Adults are 25 times more likely to die from chickenpox than children. Chickenpox may cause complications such as pneumonia or, rarely, an inflammation of the brain encephalitis , both of which can be serious. Chickenpox and shingles are caused by the same virus. Years or even decades later, the virus can reactivate and cause shingles. There is a separate vaccine to help keep the virus from reactivating and causing shingles which is recommended for adults age 50 years or older. Skip to main content. Why Vaccinate Adults Against Chickenpox? Share Tweet Share Email Print. The risk of hospitalization and death from chickenpox varicella is increased in adults. About 90 percnet of unvaccinated household contacts of an infected person will catch chickenpox.
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Healthcare workers and chickenpox
Why get immunised against chickenpox?
Chickenpox used to be very common in the United States. But the good news is that the vaccine has greatly reduced the number of people who get it. Chickenpox is very contagious — it spreads easily from person to person. Certain people — like infants, people with weakened immune systems, and pregnant women — are at increased risk for complications. The chickenpox virus can also cause shingles later in life. Shingles is a disease that causes a painful skin rash and can affect the nervous system.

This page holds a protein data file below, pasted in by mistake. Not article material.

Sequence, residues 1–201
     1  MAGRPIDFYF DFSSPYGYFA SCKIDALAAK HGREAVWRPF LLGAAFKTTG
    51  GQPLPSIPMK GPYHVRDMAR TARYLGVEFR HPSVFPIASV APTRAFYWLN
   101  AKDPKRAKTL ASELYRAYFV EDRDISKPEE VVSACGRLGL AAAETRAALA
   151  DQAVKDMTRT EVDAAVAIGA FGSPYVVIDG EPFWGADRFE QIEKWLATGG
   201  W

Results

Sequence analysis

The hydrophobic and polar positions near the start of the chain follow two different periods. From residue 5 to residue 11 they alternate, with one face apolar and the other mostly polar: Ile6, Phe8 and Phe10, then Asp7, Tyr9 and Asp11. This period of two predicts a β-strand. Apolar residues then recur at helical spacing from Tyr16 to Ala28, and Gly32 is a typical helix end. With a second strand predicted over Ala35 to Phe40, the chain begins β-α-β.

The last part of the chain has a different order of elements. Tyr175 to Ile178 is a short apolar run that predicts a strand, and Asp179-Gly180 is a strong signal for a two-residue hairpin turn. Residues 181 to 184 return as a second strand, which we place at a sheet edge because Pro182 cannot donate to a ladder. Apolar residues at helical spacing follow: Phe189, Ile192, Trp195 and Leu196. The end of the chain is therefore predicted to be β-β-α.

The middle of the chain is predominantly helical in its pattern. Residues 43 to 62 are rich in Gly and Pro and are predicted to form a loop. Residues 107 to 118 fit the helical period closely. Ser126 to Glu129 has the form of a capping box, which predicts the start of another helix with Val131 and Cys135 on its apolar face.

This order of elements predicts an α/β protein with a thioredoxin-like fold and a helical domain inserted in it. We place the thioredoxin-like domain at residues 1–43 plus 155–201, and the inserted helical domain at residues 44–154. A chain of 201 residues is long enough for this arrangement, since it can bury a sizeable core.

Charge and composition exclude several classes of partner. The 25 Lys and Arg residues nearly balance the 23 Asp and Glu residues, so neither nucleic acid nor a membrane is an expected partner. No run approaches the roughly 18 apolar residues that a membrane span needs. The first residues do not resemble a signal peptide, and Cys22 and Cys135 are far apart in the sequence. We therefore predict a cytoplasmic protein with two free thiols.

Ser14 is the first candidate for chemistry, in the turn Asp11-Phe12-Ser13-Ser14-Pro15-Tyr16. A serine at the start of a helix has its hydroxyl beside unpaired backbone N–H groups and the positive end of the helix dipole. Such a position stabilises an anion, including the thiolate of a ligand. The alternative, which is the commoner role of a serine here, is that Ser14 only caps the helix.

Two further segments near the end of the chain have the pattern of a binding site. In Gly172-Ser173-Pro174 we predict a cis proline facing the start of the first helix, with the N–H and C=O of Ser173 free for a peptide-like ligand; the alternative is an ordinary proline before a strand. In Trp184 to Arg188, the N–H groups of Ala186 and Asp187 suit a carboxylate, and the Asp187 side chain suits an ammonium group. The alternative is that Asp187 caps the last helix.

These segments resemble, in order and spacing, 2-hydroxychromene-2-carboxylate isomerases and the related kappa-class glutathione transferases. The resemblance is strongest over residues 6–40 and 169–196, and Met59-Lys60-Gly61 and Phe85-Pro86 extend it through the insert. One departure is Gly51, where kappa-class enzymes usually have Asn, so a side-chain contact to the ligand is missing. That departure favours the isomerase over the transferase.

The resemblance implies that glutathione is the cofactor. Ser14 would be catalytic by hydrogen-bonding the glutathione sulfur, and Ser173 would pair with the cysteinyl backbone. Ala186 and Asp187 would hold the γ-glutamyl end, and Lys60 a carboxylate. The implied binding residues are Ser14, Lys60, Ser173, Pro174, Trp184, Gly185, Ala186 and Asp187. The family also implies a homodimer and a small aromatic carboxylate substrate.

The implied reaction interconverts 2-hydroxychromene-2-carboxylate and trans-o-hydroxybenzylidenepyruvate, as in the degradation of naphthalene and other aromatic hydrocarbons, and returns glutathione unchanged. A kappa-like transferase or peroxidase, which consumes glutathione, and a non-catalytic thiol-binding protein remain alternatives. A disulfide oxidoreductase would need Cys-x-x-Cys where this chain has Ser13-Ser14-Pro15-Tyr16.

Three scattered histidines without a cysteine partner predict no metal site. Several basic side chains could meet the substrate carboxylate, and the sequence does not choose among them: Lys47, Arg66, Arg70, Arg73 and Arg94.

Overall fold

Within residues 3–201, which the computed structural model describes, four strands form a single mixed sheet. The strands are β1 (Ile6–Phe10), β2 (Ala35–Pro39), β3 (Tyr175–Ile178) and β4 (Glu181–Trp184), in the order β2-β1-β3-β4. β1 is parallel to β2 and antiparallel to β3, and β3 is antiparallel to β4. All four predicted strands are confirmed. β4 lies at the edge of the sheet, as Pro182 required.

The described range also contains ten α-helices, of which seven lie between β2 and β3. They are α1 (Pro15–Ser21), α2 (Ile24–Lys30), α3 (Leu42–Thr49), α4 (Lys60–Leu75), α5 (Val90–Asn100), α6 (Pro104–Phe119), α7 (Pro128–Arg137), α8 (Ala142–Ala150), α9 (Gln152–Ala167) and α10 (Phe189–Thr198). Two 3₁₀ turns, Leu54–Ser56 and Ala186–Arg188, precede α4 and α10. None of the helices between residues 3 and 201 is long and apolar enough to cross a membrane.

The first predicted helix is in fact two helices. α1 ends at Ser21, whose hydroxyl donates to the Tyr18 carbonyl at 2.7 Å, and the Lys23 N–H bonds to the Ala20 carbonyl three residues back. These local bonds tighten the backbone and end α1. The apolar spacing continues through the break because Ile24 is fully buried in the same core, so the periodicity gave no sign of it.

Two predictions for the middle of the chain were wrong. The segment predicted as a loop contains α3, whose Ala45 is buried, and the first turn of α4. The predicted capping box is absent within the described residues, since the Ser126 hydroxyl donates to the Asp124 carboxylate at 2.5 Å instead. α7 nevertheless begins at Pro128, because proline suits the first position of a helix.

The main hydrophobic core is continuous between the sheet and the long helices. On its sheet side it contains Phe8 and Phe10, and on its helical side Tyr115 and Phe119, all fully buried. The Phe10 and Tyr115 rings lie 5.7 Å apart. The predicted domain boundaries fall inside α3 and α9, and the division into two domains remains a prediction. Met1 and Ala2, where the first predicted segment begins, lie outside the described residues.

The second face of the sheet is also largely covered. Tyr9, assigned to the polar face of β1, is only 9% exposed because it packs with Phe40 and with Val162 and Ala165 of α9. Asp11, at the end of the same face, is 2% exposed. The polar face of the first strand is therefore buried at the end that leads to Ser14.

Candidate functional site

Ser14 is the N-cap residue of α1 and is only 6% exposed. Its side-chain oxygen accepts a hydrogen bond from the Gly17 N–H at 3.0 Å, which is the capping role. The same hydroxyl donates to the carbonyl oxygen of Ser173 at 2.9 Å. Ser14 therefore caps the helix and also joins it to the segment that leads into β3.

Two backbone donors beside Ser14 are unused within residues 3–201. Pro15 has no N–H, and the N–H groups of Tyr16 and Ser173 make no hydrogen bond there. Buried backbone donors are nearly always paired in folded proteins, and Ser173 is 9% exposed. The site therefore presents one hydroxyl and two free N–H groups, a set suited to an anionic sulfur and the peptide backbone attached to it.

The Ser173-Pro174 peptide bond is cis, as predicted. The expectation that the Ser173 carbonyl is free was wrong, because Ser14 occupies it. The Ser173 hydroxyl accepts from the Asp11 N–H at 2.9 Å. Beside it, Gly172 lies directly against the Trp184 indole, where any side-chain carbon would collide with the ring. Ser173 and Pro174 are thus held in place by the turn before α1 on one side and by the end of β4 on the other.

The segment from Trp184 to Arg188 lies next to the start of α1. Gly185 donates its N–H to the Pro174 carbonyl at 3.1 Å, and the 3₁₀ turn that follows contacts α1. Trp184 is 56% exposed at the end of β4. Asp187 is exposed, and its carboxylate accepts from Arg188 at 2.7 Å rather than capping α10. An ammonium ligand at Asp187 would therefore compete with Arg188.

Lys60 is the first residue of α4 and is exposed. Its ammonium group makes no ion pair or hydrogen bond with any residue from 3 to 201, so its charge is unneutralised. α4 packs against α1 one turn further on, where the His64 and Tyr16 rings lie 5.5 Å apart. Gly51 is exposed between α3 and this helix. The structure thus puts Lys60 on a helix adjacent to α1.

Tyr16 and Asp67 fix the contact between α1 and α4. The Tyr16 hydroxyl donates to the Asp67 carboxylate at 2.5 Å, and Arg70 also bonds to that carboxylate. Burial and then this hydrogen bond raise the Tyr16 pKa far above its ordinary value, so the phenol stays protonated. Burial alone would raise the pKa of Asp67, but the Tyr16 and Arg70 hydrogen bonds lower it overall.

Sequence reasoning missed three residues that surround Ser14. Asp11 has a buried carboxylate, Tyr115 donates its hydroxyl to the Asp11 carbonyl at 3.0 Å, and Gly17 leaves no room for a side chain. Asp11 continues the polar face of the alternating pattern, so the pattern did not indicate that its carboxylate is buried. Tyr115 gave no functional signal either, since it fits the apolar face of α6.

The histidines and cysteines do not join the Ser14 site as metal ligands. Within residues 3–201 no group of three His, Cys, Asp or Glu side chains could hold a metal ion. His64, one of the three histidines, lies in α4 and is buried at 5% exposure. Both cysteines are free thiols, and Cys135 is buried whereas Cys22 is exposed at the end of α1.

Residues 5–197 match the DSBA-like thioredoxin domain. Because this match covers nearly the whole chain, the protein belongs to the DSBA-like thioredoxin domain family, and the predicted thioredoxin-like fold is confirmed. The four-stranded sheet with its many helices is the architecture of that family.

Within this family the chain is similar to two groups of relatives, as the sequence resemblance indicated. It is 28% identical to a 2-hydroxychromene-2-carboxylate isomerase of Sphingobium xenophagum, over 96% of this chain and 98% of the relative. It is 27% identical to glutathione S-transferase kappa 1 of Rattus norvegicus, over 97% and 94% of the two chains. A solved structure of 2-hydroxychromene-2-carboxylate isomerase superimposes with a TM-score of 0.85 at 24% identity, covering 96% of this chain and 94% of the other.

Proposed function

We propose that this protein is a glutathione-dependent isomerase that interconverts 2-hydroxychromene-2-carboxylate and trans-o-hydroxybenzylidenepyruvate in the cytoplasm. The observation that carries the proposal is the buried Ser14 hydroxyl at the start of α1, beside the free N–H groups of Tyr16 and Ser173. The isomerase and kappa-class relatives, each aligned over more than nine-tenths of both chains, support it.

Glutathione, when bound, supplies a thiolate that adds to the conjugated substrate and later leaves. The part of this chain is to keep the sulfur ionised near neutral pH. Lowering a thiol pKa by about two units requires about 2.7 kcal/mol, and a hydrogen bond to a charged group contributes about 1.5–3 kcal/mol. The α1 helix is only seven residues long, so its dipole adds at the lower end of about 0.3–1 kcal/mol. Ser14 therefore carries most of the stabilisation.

Why is the chickenpox vaccination not part of the routine childhood immunisation schedule?
Back to Vaccinations. Chickenpox vaccination is not part of the NHS childhood vaccination programme. Find out more about who should have the chickenpox vaccine. While chickenpox during childhood is unpleasant, the vast majority of children recover quickly and easily. This would leave unvaccinated children susceptible to contracting chickenpox as adults, when they're more likely to develop a more severe infection or a secondary complication, or in pregnancy, when there's a risk of the infection harming the baby. When people get chickenpox, the virus remains in the body.
Chickenpox vaccines are given as a needle, either on their own or as a combined vaccine with measles, mumps and rubella. They can be provided by a variety of recognised immunisation providers. Vaccination is a safe and effective way to protect you from a serious case of the disease. The chickenpox vaccine also protects you from getting shingles later in life.